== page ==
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Po’ Monkey's, The Last Juke Joint

Life, death, and the blues in the Mississippi Delta.

Po' Monkey's. It’s hard not to know those words if you’re from the Mississippi Delta. The juke joint outside of Merigold — arguably the most famous of its kind anywhere in the world — is a mandatory stop on the constant blues pilgrimage that flows through the region.

Come by any Thursday night, and you’ll likely meet people not only from all over the Delta, but from all over the world. I wanted to understand this place, so I began spending more time at the club, coming not just once, as most visitors did, but rather as a regular. If there was a story here, I would discover it.

After all, I live much closer than just about every reporter or photographer that has ever explored Po’ Monkey’s. I have the benefit of time. And comfort. And access.

In my research, I continuously came across a common theme: the place itself. It didn’t take me long to understand that Po’ Monkeys would be just another former sharecropper’s shack if it weren’t for one man: Willie Seaberry.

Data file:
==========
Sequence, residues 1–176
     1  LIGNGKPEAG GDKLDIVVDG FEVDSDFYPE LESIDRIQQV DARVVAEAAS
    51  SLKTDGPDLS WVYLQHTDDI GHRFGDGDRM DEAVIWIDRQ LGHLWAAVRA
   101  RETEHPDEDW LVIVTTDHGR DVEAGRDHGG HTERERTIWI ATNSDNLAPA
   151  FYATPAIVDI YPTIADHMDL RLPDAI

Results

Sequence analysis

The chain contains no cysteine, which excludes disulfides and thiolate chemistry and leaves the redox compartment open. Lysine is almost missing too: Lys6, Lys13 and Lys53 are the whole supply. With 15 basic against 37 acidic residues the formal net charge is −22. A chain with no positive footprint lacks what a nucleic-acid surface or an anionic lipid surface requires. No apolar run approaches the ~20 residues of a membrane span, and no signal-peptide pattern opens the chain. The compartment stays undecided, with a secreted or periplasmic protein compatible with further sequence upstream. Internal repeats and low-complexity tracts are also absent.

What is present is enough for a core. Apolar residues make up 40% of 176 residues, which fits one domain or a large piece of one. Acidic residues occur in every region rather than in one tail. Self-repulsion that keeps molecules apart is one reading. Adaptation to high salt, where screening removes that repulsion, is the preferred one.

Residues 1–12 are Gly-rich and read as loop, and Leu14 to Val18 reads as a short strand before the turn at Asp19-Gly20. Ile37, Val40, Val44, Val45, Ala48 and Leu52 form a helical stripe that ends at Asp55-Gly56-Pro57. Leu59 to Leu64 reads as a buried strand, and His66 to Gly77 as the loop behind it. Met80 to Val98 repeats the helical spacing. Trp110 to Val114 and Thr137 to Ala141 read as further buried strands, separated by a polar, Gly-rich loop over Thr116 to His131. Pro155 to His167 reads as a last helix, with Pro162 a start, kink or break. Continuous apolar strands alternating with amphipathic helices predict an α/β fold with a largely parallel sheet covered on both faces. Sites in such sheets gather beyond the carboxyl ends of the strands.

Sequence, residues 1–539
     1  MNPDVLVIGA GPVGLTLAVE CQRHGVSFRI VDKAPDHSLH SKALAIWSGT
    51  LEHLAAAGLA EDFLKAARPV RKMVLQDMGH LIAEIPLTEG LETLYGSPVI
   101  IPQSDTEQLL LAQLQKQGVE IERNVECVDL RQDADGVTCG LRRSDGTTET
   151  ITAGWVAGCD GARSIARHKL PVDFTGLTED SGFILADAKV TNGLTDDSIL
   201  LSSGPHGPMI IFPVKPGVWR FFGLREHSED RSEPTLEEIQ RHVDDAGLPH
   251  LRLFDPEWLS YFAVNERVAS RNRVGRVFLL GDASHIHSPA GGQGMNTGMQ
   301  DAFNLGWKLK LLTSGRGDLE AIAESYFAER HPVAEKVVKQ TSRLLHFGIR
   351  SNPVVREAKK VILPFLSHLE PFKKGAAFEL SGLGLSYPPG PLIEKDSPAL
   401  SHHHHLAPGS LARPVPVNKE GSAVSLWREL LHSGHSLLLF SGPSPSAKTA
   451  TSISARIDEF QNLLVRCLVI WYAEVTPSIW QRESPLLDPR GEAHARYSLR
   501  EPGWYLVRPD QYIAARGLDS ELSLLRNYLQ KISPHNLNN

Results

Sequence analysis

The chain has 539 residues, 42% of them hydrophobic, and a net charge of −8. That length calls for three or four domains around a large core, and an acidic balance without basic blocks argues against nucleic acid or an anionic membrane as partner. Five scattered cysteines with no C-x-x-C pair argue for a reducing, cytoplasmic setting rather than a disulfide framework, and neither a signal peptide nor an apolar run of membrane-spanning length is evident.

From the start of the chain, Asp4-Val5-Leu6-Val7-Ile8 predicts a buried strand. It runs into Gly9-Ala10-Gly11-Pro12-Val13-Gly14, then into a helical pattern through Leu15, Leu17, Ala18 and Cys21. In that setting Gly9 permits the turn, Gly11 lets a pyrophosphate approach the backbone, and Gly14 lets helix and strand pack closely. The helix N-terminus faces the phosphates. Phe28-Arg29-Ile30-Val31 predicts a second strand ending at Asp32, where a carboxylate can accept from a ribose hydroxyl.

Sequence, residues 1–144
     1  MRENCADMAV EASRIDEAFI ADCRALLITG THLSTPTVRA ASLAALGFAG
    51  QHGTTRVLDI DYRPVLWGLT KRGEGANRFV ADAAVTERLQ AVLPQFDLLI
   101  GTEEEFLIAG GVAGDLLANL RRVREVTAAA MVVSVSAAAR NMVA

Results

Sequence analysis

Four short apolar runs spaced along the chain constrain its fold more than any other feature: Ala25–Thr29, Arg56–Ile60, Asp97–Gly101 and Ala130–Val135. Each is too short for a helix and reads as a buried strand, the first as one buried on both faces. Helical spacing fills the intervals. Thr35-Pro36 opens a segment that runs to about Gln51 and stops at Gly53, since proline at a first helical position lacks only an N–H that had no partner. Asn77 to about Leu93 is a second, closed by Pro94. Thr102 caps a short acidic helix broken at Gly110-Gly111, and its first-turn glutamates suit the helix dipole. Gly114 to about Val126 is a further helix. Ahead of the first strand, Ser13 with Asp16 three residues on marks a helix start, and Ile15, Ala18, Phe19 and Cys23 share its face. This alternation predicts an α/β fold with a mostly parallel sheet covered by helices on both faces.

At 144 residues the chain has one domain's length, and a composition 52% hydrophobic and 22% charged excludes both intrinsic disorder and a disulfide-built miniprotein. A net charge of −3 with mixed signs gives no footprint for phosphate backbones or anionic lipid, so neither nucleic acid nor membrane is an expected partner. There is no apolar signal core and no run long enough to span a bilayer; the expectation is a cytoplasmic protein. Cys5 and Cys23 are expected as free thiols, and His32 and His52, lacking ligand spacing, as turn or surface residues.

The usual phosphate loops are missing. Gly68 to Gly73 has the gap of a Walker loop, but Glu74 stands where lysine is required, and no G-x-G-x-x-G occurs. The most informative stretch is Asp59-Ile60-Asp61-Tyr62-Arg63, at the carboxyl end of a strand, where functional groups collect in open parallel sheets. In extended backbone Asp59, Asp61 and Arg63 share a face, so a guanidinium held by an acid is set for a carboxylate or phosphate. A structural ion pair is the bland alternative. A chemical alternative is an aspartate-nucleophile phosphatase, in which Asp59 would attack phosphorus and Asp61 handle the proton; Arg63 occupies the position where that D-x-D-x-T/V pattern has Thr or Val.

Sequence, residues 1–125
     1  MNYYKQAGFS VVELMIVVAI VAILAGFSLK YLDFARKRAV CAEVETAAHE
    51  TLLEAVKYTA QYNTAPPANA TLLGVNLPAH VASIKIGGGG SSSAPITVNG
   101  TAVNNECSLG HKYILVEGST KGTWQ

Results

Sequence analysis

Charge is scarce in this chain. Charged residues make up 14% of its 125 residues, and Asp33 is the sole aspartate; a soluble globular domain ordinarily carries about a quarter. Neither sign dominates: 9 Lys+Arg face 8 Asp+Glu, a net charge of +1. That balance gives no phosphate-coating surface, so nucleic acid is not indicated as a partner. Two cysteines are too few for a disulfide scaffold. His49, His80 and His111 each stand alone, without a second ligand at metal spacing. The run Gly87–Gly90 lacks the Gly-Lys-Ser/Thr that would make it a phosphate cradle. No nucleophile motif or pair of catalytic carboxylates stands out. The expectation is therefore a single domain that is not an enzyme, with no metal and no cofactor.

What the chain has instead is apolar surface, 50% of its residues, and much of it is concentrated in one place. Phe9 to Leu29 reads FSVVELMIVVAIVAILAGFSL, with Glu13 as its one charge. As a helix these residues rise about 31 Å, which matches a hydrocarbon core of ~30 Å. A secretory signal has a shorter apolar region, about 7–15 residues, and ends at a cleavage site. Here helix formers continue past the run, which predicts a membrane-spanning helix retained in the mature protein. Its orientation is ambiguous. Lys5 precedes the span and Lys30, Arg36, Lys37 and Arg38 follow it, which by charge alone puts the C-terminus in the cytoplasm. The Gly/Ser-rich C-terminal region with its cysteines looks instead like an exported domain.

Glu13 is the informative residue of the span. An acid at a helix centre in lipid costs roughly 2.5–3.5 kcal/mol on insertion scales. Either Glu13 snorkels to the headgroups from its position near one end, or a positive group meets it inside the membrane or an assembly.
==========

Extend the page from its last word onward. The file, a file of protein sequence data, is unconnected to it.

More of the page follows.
This is the man who first made the old shack his home. In 1963, he began to turn the space into a music club for his friends and their friends — and through his hospitality eventually transforming his home into a global beacon for blues fans.

Without Seaberry, who was nicknamed "Po’ Monkey" by his family years ago and died last summer, there would be no Mississippi Blues Trail marker outside the rambling shack on the edge of a cotton field, to the west of Merigold, on the left side of the fork in the road, down a gravel stretch between Highway 61 and Crosby Road.

There is a beauty to that fragile shack off of Pemble Road. The smiles inside. The community of joy that exists every Thursday night.

It’s ironic that a place that’s nearly falling down is a buoy that holds up so many. The less than perfect exterior that reveals a humbly perfect interior. This is the beauty of the Delta.

Photos by Will H. Jacks.


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